India — January 2010

Sociopolitical Situation

Generally, India is politically stable. Recent election results in a few states reveal that expectations for the Congress-led coalition government are very high. The parties and fundamentalist groups that have specific interests and agenda have been repeatedly ignored by the people at large and have been consistently defeated at the polls. The Indian National Congress Party has been steadily widening its stake in those states where it had lost ground earlier. As of now, India is comprised of 28 states and there are demands by various regional groups for the creation of new states by dividing some of the larger ones. This could lead to political unrest, particularly in states such as Andhra Pradesh.

After the 26 November attack by terrorists in Mumbai, the country is cautiously handling threats and destructive activities of terrorist groups. Based on various intelligence reports, the nation’s important installations and offices are under strict alert. Countering foreign-sponsored terrorism is one of the main concerns of India today.

Due to the skyrocketing prices of food, the wholesale price index has shot up three and a half times in just one month to stand at 4.78% in November 2009. Food inflation shot up by 19.04%, which is the highest in more than a decade. Potato prices shocked people, skyrocketing by 141% over the last eight months, sugar by 37% and pulses (a legume often used for feed) and onions by 32% and 20% respectively.

Although the global financial crisis has resulted in a slowdown in India’s economic growth, various fiscal and monitory stimulus measures sponsored by the government have begun to yield results. India has been able to weather the negative pressure of global recession. There is a fear, however, that the recent recession in Dubai will result in thousands of job losses for Indians, especially those from South India who were lured there during the boom years. It has to be said that the growing economy of India has done little for the average person and nothing for the poor. Skyrocketing commodity prices have made it unbearable for an average family to survive. Globalization has affected all produce in India; in effect an imbalance is created by globalization and the poor continue to remain poor. An equitable growth throughout the country, benefiting all classes, has to be ensured for real development of India.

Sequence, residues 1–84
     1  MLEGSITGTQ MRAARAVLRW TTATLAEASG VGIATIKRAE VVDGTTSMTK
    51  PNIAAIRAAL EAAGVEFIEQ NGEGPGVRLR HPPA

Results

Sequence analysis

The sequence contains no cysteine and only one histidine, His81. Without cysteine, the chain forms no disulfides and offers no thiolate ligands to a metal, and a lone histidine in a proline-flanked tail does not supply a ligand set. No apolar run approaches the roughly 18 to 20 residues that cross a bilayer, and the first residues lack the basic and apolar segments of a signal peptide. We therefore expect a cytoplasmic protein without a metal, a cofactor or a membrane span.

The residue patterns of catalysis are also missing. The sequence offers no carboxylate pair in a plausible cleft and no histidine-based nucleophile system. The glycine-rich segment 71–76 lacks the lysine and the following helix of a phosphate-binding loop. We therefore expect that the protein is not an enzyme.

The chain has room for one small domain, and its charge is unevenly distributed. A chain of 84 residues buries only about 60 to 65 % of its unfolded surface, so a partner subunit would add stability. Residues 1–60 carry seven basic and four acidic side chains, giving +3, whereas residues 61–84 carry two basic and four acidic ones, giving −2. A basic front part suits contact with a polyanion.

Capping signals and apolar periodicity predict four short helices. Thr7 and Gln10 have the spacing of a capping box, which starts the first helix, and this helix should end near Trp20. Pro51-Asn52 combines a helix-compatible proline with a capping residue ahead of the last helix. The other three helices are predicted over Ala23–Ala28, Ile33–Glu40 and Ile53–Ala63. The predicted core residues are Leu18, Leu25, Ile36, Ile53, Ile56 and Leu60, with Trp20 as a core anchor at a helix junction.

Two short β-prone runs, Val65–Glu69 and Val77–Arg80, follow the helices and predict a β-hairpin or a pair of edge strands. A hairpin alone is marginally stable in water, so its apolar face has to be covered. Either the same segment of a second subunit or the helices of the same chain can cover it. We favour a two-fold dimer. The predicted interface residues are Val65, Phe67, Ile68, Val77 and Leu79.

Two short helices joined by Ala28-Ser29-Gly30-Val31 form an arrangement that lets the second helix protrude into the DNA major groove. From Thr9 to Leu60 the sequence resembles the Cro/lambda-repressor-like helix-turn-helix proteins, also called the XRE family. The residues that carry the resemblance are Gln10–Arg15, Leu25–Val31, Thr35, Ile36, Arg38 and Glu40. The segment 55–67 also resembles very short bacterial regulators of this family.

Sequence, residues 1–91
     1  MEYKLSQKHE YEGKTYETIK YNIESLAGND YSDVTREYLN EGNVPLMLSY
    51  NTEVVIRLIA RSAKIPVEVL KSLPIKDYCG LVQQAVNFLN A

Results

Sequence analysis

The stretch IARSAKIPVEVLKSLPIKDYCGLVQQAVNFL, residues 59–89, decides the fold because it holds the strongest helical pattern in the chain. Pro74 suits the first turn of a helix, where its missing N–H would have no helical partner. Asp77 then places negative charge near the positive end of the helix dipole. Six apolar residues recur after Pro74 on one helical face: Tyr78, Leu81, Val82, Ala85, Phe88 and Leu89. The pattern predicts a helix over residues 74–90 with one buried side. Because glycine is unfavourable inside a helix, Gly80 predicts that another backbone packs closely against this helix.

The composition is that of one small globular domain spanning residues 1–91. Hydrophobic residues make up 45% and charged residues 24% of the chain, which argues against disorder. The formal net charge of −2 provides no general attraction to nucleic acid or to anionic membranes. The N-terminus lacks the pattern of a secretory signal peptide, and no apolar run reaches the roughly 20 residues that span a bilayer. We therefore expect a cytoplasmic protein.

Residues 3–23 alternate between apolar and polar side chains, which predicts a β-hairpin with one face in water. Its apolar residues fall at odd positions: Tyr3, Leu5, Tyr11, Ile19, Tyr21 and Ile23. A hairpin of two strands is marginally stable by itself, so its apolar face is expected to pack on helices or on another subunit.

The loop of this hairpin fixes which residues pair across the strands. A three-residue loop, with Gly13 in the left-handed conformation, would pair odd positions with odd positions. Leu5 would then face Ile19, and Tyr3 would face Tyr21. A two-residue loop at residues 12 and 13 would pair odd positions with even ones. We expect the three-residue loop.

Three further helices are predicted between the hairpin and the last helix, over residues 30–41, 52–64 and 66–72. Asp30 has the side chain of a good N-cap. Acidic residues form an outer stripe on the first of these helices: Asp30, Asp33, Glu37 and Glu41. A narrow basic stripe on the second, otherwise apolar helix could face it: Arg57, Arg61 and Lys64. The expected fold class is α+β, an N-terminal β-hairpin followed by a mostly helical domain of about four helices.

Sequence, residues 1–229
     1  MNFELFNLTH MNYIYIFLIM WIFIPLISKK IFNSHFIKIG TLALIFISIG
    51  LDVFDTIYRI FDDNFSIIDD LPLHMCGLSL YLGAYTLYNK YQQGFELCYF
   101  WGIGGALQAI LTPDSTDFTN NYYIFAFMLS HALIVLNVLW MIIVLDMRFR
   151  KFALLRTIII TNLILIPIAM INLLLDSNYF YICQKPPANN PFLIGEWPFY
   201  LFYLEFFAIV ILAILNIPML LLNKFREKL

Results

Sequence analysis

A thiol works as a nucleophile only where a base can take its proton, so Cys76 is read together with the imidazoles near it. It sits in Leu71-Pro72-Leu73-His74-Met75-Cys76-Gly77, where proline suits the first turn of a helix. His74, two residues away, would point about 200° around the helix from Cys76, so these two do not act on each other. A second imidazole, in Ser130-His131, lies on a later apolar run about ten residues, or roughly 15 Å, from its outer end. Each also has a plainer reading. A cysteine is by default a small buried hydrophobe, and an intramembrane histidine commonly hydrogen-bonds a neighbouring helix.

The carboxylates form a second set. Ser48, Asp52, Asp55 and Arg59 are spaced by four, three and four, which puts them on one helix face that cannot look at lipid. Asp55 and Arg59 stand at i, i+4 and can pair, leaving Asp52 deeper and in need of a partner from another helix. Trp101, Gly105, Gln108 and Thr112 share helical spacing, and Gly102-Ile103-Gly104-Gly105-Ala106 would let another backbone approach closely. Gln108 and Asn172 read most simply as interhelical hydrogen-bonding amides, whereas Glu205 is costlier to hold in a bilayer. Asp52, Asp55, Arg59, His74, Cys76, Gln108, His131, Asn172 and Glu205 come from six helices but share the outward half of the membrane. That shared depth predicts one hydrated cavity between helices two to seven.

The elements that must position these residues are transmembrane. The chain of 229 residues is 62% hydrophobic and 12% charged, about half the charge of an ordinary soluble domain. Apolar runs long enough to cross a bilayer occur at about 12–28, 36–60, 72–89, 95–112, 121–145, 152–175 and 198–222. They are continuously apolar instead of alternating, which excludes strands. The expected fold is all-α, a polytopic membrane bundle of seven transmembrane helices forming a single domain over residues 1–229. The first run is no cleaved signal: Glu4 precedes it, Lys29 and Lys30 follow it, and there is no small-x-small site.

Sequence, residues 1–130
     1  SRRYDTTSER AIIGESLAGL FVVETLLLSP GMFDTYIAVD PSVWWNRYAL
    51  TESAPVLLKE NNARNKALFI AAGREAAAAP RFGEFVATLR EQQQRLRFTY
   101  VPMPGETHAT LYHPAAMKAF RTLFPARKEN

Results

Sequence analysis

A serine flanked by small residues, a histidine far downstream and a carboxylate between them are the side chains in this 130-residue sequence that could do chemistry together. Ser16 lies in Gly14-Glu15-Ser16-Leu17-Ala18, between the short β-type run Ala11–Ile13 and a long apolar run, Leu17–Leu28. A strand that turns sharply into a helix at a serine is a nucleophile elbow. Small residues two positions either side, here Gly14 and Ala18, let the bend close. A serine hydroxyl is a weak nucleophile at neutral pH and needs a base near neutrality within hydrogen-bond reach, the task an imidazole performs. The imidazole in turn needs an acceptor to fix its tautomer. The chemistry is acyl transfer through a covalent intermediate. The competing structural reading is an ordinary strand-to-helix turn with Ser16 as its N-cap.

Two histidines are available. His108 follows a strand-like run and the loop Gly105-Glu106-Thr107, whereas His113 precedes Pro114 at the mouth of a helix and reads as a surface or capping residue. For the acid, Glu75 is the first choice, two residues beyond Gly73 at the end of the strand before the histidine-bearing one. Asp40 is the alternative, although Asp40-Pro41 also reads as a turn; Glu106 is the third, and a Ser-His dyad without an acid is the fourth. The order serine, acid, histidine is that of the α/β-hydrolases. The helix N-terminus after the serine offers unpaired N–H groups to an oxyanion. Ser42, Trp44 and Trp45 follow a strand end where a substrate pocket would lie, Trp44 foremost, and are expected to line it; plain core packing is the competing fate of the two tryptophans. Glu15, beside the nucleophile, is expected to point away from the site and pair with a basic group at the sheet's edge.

Religious Situation

In India, communal harmony exists. Due to its political alienation, the Hindu nationalist party (BJP) and its allies have been largely unsuccessful in drawing attention to their largely xenophobic politics.

The Indian churches have been consistently involved in and stand for the social causes of the common man. The churches raise their voices for the needs of the poor and the Dalit (untouchable) caste. In states such as Kerala, the leftist (Communist) parties have been trying to undermine by various means the churches’ involvement in society, but their efforts have been weakened by timely interventions of the faithful and the leadership. To quote an example, the Kerala Catholic Bishops Conference has offered support for families to have more children in a bid to counter a decline in the Christian population.

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